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descriptionSummary The World Trade Organization's Agreement on Trade-Related Aspects of Intellectual Property Rights (TRIPS) set global minimum standards for the protection of intellectual property, substantially increasing and expanding intellectual-property rights, and generated clear gains for the pharmaceutical industry and the developed world. The question of whether TRIPS generates gains for developing countries, in the form of increased exports, is addressed in this paper through consideration of the importance of pharmaceuticals in health-care trade, outlining the essential requirements, implications, and issues related to TRIPS, and TRIPS-plus, in which increased restrictions are imposed as part of bilateral free-trade agreements. TRIPS has not generated substantial gains for developing countries, but has further increased pharmaceutical trade in developed countries. The unequal trade between developed and developing countries (ie, exporting and importing high-value patented drugs, respectively) raises the issue of access to medicines, which is exacerbated by TRIPS-plus provisions, although many countries have not even enacted provision for TRIPS flexibilities. Therefore this paper focuses on options that are available to the health community for negotiation to their advantage under TRIPS, and within the presence of TRIPS-plus.
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subjectAbridged Index Medicus ; Analysis ; Biological and medical sciences ; Commerce - economics ; Commerce - standards ; Commerce - statistics & numerical data ; Developing Countries ; Drug Industry - economics ; Drug Industry - statistics & numerical data ; Drug Industry - trends ; General aspects ; Humans ; Intellectual Property ; Intellectual property law ; Internal Medicine ; International Cooperation ; International trade ; Interpretation and construction ; Laws, regulations and rules ; Malaysia ; Medical sciences ; Pharmaceutical industry ; Pharmaceutical Preparations - economics ; Pharmaceutical Preparations - standards ; Pharmaceutical Preparations - supply & distribution ; World Health Organization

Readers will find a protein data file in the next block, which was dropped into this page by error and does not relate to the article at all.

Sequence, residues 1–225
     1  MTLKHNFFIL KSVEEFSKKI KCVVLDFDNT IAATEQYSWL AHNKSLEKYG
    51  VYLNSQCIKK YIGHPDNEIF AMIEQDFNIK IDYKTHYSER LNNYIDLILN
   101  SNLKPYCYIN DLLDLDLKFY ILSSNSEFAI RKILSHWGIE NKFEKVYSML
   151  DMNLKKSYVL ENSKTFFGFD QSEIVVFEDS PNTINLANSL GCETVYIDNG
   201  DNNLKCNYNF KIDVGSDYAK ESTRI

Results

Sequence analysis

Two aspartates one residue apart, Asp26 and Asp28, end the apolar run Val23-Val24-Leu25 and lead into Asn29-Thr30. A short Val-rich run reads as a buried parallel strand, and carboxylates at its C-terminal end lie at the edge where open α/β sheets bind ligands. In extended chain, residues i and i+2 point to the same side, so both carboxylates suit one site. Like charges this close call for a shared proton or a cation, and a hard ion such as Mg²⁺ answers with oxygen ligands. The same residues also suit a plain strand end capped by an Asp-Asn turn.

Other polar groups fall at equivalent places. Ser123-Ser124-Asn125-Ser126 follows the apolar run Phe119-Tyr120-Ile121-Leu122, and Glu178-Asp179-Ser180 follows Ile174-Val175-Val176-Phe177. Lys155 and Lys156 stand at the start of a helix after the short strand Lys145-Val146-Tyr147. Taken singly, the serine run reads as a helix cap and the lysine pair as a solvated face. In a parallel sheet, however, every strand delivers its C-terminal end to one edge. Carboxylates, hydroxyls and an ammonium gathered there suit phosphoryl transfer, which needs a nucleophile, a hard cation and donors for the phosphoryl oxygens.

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abstractSummary The World Trade Organization's Agreement on Trade-Related Aspects of Intellectual Property Rights (TRIPS) set global minimum standards for the protection of intellectual property, substantially increasing and expanding intellectual-property rights, and generated clear gains for the pharmaceutical industry and the developed world. The question of whether TRIPS generates gains for developing countries, in the form of increased exports, is addressed in this paper through consideration of the importance of pharmaceuticals in health-care trade, outlining the essential requirements, implications, and issues related to TRIPS, and TRIPS-plus, in which increased restrictions are imposed as part of bilateral free-trade agreements. TRIPS has not generated substantial gains for developing countries, but has further increased pharmaceutical trade in developed countries. The unequal trade between developed and developing countries (ie, exporting and importing high-value patented drugs, respectively) raises the issue of access to medicines, which is exacerbated by TRIPS-plus provisions, although many countries have not even enacted provision for TRIPS flexibilities. Therefore this paper focuses on options that are available to the health community for negotiation to their advantage under TRIPS, and within the presence of TRIPS-plus.